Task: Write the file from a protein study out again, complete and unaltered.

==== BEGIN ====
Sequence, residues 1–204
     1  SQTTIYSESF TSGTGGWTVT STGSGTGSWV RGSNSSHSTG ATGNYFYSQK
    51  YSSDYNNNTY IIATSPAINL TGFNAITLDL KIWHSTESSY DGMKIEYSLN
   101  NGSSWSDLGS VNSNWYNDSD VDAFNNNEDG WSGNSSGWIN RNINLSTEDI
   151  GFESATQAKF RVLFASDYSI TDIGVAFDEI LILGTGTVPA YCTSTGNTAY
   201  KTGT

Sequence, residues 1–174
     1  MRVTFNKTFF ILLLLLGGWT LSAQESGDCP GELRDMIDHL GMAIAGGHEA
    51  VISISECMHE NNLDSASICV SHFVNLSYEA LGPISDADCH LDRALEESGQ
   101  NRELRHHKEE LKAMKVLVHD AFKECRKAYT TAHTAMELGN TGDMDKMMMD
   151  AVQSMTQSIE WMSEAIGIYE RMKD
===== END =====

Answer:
Sequence, residues 1–204
     1  SQTTIYSESF TSGTGGWTVT STGSGTGSWV RGSNSSHSTG ATGNYFYSQK
    51  YSSDYNNNTY IIATSPAINL TGFNAITLDL KIWHSTESSY DGMKIEYSLN
   101  NGSSWSDLGS VNSNWYNDSD VDAFNNNEDG WSGNSSGWIN RNINLSTEDI
   151  GFESATQAKF RVLFASDYSI TDIGVAFDEI LILGTGTVPA YCTSTGNTAY
   201  KTGT

Sequence, residues 1–174
     1  MRVTFNKTFF ILLLLLGGWT LSAQESGDCP GELRDMIDHL GMAIAGGHEA
    51  VISISECMHE NNLDSASICV SHFVNLSYEA LGPISDADCH LDRALEESGQ
   101  NRELRHHKEE LKAMKVLVHD AFKECRKAYT TAHTAMELGN TGDMDKMMMD
   151  AVQSMTQSIE WMSEAIGIYE RMKD